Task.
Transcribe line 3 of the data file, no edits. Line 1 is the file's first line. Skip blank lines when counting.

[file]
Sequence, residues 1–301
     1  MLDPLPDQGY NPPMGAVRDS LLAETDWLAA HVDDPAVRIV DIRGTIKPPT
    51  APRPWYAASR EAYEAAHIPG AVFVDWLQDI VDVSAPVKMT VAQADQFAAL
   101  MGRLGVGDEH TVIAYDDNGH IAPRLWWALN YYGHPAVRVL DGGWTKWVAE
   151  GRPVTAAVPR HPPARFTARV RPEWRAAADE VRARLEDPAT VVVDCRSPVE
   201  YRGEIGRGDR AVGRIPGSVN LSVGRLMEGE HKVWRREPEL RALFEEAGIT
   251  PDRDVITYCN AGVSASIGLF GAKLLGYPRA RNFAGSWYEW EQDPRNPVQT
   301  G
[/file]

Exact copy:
    51  APRPWYAASR EAYEAAHIPG AVFVDWLQDI VDVSAPVKMT VAQADQFAAL